T-Mobile USA said it will discontinue support for Danger's software on its Sidekick devices this spring, indicating T-Mobile's affinity for Google's (NASDAQ:GOOG) Android platform.
In a statement, T-Mobile said that it will decommission Danger's services before May 31, and will provide Sidekick customers with several alternative devices to help ensure a smooth transition. The carrier said it will release more details about the alternatives in the weeks ahead. T-Mobile also pointed to web tools and applications to help Sidekick customers preserve their personal data as they transition to a new device.
T-Mobile said in June that it would halt sales of new Sidekick devices as it sought a new path forward for the products. The Sidekick, with its Qwerty keyboard and use of cloud-based services, was a pioneer when it first appeared in 2002, but was eclipsed by new smartphones. Microsoft (NASDAQ:MSFT) acquired Danger in 2008, but did not do much with the software company. Danger software powered Microsoft's failed Kin social networking phones.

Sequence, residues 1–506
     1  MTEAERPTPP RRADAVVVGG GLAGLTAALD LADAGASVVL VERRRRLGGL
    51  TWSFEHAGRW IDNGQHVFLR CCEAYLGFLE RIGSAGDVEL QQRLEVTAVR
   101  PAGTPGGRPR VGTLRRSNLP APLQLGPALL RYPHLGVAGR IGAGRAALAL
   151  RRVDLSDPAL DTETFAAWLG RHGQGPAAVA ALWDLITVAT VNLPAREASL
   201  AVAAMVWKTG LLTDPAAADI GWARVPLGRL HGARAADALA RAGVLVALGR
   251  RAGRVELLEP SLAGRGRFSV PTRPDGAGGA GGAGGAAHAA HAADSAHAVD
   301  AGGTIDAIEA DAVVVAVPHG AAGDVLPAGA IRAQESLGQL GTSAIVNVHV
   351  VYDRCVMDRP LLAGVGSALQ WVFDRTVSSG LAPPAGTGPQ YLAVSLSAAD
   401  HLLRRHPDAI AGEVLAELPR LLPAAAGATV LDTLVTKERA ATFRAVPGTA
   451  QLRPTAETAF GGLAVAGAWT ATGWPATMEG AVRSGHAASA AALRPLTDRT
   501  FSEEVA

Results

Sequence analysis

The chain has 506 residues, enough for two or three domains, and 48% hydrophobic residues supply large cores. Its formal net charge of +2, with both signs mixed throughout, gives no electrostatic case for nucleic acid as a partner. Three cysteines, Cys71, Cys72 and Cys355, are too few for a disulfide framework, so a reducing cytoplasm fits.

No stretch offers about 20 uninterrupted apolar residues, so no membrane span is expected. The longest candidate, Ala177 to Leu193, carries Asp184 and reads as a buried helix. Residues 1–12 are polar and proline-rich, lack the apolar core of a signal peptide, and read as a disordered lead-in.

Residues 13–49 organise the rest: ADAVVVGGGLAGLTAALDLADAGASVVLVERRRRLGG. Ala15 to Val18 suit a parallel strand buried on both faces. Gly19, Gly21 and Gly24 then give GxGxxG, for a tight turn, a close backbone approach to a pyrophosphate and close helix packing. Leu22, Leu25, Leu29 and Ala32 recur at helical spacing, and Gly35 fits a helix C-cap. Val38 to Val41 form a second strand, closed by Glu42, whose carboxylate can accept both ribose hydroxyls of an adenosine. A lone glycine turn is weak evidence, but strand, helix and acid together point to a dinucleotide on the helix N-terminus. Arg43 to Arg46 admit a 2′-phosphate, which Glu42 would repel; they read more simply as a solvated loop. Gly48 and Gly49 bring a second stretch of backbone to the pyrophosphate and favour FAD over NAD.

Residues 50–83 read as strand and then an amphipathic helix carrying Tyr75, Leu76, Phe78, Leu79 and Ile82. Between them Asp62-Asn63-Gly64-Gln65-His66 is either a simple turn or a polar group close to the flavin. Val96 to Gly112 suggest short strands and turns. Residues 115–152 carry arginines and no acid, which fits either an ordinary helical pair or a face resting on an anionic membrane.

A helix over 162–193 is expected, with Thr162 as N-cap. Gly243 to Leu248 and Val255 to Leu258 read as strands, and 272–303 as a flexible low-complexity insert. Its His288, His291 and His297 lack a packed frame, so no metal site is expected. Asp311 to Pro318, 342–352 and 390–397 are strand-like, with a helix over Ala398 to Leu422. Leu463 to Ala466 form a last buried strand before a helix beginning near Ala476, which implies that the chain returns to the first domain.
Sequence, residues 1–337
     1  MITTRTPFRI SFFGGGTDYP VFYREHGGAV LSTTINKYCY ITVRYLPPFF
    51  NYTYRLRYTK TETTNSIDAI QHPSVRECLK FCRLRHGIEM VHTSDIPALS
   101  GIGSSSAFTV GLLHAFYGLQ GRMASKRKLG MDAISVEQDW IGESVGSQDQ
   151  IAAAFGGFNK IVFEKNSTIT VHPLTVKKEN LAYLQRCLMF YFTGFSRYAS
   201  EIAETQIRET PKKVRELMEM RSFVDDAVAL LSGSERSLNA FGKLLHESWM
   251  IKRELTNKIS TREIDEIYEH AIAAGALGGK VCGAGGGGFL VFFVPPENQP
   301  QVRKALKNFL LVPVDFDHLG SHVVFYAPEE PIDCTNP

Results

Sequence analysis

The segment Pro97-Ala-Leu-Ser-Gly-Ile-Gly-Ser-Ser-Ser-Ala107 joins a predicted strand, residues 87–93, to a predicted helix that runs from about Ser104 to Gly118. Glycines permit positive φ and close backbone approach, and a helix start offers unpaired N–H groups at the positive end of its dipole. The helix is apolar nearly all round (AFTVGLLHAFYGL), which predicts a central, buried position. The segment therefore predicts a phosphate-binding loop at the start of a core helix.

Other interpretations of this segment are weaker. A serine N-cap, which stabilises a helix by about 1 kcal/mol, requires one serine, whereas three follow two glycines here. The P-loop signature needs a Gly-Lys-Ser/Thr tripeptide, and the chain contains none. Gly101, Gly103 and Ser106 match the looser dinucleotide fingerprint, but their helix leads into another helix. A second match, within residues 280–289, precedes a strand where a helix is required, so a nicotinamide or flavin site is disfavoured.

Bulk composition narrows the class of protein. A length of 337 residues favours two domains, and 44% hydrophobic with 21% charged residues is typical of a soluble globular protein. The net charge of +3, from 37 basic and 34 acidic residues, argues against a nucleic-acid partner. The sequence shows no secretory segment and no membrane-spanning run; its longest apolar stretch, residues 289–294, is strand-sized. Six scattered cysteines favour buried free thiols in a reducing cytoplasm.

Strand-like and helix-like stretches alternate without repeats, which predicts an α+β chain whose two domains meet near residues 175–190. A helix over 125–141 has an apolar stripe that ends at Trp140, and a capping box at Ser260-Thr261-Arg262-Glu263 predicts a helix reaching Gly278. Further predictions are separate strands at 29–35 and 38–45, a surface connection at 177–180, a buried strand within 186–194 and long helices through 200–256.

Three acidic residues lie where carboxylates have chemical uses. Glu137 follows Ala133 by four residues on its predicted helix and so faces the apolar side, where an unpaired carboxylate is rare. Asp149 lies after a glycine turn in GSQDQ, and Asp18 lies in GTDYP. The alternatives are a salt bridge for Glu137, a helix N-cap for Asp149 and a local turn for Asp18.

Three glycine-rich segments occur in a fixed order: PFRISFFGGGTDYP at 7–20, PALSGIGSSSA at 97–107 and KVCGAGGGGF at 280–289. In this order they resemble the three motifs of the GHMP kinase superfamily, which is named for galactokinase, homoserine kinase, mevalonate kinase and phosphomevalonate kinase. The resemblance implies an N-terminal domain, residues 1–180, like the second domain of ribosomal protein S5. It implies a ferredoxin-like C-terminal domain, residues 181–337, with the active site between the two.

T-Mobile said in January that it was planning a refresh of its Sidekick device running on Android for its HSPA+ network, and Samsung has been rumored as a possible hardware partner.
- see this T-Mobile statement
- see this GigaOM post
- see this T-Mobile site
- see this Engadget post
T-Mobile to halt Sidekick sales, promises 'new and fresh experience'
Microsoft: We have recovered most T-Mobile Sidekick data
T-Mobile USA hopeful about recovering users' Sidekick data
T-Mobile, Microsoft 'almost certainly' destroyed users' Sidekick data
Microsoft snaps up Danger